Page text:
Lithospheric Mantle Element Mapping with LA-ICP-TOFMS

Element Mapping LA-ICP-TOFMS

Trace Element Mapping of High-Pressure, High-Temperature Experimental Samples with Laser Ablation ICP Time-of-Flight Mass Spectrometry – Illuminating Melt-Rock Reactions in the Lithospheric Mantle

Bussweiler, Y., Gervasoni, F., Rittner, M., Berndt, J., & Klemme, S.

DOI: 10.1016/j.lithos.2019.105282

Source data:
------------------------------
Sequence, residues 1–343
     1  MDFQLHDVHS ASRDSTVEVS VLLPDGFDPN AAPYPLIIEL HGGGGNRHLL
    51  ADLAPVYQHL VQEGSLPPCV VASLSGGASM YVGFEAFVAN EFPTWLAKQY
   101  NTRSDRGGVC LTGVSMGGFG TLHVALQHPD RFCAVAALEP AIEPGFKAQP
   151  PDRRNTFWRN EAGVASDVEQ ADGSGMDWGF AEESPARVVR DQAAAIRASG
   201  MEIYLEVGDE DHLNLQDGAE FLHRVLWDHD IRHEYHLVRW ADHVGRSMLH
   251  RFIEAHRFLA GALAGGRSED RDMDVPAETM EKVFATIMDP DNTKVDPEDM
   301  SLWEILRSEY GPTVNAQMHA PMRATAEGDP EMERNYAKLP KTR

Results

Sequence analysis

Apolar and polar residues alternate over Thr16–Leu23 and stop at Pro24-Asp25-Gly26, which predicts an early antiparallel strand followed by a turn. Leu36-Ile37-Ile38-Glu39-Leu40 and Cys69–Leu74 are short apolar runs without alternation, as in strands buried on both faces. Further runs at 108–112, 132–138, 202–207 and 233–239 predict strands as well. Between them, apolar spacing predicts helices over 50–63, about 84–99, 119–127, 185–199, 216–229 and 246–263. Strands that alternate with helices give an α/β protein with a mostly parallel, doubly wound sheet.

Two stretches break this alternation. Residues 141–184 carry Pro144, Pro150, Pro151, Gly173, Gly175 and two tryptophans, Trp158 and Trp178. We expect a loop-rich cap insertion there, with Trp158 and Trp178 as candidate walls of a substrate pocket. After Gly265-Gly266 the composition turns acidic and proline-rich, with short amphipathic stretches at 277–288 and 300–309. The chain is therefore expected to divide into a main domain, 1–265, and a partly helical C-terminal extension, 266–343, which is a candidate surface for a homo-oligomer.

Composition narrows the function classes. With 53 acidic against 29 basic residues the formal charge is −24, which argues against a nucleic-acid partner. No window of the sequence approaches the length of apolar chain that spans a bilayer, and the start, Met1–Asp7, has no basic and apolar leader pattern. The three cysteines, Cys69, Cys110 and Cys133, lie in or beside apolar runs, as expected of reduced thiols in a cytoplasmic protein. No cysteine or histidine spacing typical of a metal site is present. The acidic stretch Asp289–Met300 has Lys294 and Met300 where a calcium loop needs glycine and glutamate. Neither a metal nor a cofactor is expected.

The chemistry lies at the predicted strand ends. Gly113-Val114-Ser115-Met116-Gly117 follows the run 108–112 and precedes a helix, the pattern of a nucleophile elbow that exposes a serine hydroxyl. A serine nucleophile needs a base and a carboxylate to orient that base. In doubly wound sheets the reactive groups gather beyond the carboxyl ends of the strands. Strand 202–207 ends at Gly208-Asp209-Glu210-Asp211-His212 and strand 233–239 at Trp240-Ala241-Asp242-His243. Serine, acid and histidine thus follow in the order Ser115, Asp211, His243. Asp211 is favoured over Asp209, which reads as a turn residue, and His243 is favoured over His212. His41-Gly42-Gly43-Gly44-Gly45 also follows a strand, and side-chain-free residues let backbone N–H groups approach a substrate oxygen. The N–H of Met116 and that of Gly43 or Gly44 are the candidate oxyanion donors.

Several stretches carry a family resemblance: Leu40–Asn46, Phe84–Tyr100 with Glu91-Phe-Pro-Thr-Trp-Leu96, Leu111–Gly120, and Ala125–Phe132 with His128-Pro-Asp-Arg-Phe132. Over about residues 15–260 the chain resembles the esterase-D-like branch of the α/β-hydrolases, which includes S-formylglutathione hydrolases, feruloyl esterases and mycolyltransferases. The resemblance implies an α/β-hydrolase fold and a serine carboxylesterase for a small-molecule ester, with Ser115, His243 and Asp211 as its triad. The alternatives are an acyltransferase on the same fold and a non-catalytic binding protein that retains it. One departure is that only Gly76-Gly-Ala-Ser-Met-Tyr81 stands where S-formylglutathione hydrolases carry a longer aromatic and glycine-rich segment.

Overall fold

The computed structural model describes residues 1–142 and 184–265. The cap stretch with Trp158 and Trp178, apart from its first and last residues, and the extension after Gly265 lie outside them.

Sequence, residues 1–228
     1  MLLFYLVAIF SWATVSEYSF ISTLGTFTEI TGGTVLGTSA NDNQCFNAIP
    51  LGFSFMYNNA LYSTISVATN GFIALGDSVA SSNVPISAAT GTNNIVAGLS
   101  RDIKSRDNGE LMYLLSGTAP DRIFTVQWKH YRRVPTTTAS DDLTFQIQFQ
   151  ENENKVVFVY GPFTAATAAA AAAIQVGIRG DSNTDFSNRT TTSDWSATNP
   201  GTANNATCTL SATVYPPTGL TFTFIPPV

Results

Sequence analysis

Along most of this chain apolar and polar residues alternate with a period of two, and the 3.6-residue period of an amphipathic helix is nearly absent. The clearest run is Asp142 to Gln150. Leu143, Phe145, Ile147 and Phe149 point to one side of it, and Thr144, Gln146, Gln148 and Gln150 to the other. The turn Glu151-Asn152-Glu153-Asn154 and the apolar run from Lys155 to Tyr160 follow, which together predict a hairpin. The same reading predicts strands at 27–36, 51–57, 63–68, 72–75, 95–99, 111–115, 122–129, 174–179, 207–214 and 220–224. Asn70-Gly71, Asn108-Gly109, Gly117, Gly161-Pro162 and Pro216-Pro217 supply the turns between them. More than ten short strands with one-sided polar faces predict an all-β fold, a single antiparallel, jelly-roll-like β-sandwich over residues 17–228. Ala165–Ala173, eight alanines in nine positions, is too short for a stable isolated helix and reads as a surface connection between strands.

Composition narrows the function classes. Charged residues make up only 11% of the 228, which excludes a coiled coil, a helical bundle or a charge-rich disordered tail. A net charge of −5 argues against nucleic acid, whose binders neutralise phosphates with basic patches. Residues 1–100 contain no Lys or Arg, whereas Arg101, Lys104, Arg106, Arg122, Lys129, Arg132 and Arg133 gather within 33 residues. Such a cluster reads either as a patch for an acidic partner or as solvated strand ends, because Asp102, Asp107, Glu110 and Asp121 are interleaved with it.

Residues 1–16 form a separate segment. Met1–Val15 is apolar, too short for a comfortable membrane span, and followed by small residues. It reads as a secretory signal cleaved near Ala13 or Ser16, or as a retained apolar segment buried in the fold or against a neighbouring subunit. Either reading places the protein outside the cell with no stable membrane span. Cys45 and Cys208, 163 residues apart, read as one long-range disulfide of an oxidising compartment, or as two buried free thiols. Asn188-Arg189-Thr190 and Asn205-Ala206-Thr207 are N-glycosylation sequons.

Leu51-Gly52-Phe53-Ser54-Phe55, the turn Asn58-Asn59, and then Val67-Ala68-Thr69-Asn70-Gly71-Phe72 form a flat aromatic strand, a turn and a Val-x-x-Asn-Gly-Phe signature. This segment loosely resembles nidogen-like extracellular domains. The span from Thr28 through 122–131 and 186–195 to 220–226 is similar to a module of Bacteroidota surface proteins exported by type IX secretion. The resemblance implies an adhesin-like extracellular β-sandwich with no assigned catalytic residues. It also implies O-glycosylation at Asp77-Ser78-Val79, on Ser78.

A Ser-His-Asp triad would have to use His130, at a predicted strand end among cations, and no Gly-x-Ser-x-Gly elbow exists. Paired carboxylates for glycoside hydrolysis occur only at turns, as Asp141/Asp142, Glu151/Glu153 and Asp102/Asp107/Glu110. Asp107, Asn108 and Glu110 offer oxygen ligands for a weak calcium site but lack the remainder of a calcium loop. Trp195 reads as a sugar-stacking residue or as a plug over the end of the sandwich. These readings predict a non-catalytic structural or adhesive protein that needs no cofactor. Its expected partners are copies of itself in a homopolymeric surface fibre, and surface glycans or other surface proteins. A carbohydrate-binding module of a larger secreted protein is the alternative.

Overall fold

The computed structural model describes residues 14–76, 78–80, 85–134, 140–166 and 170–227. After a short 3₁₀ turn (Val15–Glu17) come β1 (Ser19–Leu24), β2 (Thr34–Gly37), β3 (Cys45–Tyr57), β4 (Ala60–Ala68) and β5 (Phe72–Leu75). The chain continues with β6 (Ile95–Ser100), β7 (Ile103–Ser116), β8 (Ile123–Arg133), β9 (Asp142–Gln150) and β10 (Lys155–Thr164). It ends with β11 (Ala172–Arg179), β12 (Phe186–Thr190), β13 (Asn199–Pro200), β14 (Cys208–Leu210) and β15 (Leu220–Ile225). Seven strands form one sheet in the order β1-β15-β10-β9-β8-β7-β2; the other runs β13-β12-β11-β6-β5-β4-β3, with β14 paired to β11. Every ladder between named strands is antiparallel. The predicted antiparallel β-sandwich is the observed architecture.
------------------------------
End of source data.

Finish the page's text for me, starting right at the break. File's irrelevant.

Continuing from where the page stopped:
Laser ablation inductively coupled plasma time-of-flight mass spectrometry (LA-ICP-TOFMS) is a fast, relatively high-spatial resolution method which allows to measure and visualize major, minor and trace elements in fine-grained samples. Thus, it is a promising tool for the investigation of high-pressure, high-temperature (HP-HT) reaction experiments that typically produce small grain sizes. Here, we apply LA-ICP-TOFMS mapping to HP-HT reaction experiments by Gervasoni et al. 2017 between a) hydrous eclogite and fertile peridotite, which simulates metasomatism in subduction zones, and b) ultramafic silicate-carbonate melt and peridotite, which simulates metasomatism at the base of cratonic lithospheric mantle. A spatial resolution (i.e., laser spot size) of 5 μm and an acquisition rate of 20 multi-element pixels per second (i.e., laser repetition rate of 20 Hz) were used for mapping of the experimental samples. We demonstrate the applicability of LA-ICP-TOFMS by comparison of our results to maps created with electron probe micro-analysis (EPMA) and elemental concentrations measured by conventional (i.e., crater-drilling) LA-ICP-MS. Our new data suggest that metasomatism in subduction zones is expected to result in the formation of Al–Ti-rich amphiboles that strongly fractionate the rare earth elements (REE) and high-field strength elements (HFSE) from other trace elements. In contrast, metasomatism of the cratonic lithosphere involves fractionation in the light and middle REE, large ion lithophile elements (LILE) and HFSE, leaving Ni and heavy REE behind in olivine and garnet, respectively. The trace element enrichment patterns of the resulting melt bear a general resemblance to those of natural Group I kimberlites.

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